A region of a eukaryotic chromosome that is attached to the mitotic spindle.

26

complicated in vertebrates, where different mechanisms seem to destroy cohesion at chromosome arms and CENTROMERES, respectively. The bulk of cohesin is in fact already removed from chromosome arms during prophase, perhaps to permit the extensive chromosome condensation typical of vertebrate mitosis. Importantly, this first wave of cohesin removal does not depend on APC/C and instead requires phosphorylation of cohesin34,35. One kinase able to phosphorylate cohesin is Cdk1, but other mitotic kinases may also be involved. The small amount of cohesin remaining at vertebrate centromeres is then removed at the metaphase-anaphase transition. This second step is dependent on APC/C, and presumably follows the securin–separase pathway described for sister-chromatid separation in yeast36. APC/C is responsible not only for the destruction of anaphase onset inhibitors but also of other proteins, notably mitotic cyclins and several mitotic kinases (FIG. 2). In addition to Cdk1–cyclin, these include Plks37–39, NIMA family members40,41 and aurora kinases42. Importantly, however, the degradation of different substrates occurs at different times, implying that there is exquisite regulation of APC/C. In a typical somatic cell, two forms of APC/C are activated sequentially by the association of two distinct WD40 repeat proteins known as Cdc20 and Cdh1, respectively (for alternative names see legend to FIG. 2). Whereas APC/CCdc20 is active at the metaphase–anaphase transition, APC/CCdh1 is turned on later in mitosis but then remains active throughout the subsequent G1 phase43. When assayed in vitro, APC/CCdc20 and APC/CCdh1 display partly distinct substrate specificities39,41, but it is important to bear in mind that Cdh1 is not expressed in early Xenopus and Drosophila embryos, when cell cycles are extremely rapid and essentially comprise alternating S and M phases44,45. The onset of Cdh1 expression during development then correlates with the establishment of G1 phases, suggesting that the sequential activation of APC/CCdc20 and APC/CCdh1 may be more important for temporal aspects of cellcycle control than substrate selection. Mitotic kinases regulate the two forms of APC/C in opposite fashion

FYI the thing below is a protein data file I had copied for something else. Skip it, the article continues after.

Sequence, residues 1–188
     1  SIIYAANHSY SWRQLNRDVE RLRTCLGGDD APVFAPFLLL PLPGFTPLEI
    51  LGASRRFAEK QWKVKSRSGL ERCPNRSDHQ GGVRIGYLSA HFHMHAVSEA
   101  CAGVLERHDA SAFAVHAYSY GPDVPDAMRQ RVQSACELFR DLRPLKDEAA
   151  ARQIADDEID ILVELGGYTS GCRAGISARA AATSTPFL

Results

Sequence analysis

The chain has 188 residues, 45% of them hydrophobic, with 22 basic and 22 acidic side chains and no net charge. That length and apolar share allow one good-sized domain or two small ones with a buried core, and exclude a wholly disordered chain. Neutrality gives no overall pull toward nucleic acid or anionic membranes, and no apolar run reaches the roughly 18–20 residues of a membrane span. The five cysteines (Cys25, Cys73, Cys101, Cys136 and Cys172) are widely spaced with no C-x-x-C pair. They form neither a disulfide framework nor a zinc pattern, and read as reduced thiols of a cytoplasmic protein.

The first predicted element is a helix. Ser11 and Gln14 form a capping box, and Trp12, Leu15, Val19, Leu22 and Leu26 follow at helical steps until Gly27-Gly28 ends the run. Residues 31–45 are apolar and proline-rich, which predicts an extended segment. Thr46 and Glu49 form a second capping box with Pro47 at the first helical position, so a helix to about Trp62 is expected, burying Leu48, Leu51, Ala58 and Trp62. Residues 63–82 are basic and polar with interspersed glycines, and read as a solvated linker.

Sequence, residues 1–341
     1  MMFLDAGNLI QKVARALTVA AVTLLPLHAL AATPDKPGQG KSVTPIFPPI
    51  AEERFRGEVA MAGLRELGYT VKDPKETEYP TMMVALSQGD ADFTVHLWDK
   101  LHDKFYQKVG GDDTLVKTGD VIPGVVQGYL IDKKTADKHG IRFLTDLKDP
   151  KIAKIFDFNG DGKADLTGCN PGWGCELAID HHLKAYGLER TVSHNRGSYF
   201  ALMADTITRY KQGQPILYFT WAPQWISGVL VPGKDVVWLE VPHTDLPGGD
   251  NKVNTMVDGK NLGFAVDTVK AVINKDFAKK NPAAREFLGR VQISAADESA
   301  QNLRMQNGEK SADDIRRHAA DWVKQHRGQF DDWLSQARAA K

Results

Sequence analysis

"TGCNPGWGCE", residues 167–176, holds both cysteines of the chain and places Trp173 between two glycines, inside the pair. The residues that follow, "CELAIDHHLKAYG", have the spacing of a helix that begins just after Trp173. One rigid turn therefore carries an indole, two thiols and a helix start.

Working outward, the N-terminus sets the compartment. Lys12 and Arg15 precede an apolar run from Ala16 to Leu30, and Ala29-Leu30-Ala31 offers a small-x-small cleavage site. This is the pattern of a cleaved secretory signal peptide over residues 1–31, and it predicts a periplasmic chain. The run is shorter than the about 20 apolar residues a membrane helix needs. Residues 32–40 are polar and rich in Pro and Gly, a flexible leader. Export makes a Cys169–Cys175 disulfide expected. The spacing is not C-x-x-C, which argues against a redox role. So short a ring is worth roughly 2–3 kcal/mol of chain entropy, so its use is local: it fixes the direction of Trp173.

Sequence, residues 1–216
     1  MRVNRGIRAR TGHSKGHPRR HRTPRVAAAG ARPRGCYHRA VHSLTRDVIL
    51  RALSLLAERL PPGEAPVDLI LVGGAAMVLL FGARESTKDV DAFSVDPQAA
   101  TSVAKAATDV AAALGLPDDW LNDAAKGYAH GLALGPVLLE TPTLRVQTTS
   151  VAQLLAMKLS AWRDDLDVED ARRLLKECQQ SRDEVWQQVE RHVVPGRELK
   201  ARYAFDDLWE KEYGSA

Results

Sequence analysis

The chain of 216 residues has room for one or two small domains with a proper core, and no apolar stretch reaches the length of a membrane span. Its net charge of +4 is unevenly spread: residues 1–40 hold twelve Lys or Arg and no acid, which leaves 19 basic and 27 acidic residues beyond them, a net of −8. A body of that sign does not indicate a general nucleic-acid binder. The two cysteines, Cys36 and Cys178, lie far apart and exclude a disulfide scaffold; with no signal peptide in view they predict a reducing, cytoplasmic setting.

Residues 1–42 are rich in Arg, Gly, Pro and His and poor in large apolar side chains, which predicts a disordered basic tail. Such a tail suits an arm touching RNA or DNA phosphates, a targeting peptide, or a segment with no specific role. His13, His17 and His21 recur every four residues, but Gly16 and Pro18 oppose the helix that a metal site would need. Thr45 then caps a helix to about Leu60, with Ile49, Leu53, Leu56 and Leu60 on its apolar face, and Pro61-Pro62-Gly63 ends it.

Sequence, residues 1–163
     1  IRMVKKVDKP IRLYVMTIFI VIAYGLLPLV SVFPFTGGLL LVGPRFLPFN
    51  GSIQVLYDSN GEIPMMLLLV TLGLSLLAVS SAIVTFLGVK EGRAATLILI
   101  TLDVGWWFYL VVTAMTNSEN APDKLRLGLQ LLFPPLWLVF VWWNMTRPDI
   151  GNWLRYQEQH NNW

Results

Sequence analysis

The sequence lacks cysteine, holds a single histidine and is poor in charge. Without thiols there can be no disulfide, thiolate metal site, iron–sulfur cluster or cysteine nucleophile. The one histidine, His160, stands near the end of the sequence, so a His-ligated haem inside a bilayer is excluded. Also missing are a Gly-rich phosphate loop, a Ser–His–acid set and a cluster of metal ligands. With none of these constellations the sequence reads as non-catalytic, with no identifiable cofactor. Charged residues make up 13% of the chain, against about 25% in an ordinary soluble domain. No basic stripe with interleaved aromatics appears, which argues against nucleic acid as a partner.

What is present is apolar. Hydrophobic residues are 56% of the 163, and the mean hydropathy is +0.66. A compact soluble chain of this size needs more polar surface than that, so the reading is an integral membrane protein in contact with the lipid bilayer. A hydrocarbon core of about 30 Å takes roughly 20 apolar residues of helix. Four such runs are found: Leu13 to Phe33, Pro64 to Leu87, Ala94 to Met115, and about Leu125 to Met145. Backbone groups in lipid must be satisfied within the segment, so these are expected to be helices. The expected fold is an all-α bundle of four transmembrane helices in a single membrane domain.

and thus play a key role in establishing the temporal order of APC/C activity: phosphorylation of APC/C core subunits (and perhaps Cdc20) is required for activation of APC/CCdc20, whereas phosphorylation of Cdh1 prevents the activation of APC/CCdh1 (REF. 9). The kinases Cdk1, Plk1 and BubR1 have all been implicated in the activation of APC/CCdc20 (REFS 9,37,38,45–50), and protein kinase A (PKA) has been described as a negative regulator48, but which of these kinases acts directly on APC/C subunits in vivo remains to be established. Cdc20 itself is also phosphorylated and has been detected in a complex with aurora-A51, but the role of Cdc20 phosphorylation is not clear9. With regard to APC/CCdh1, it is striking that the inactivity of this complex correlates with Cdh1 phosphorylation from the onset of S phase until late mitosis, suggesting that Cdh1 is sequentially inactivated by cyclin E, cyclin A and cyclin B-dependent Cdk complexes9. In budding yeast, the activating dephosphorylation of Cdh1 depends on a phosphatase, Cdc14p52,53, that is activated only after the silencing of a spindlepositioning checkpoint (see below). Once activated, APC/CCdh1 promotes mitotic exit by causing the degradation of B-type cyclins and other ubiquitylation substrates. To what extent this model can be extended to mammalian cells remains to be seen. G2/M- and M-phase checkpoints

Surveillance mechanisms, the so-called checkpoint pathways, ensure the proper order and correct execution of cell-cycle events54. Checkpoints are thought to monitor passage through M phase at several stages55,56 (FIG. 3). Some M-phase checkpoints are well established, but others exist primarily in the realm of speculation at present. Best understood are the ‘DNA structure checkpoints’ that arrest cells at the G2/M transition in response to unreplicated DNA or DNA damage, and the ‘spindle assembly checkpoint’ that prevents anaphase onset as long as chromosomal kinetochores do not show a correct bipolar attachment. In budding yeast, a third checkpoint, the ‘spindle-positioning checkpoint’, links Cdk1 inactivation and mitotic exit to the proper orientation of the mitotic spindle. Whether www.nature.com/reviews/molcellbio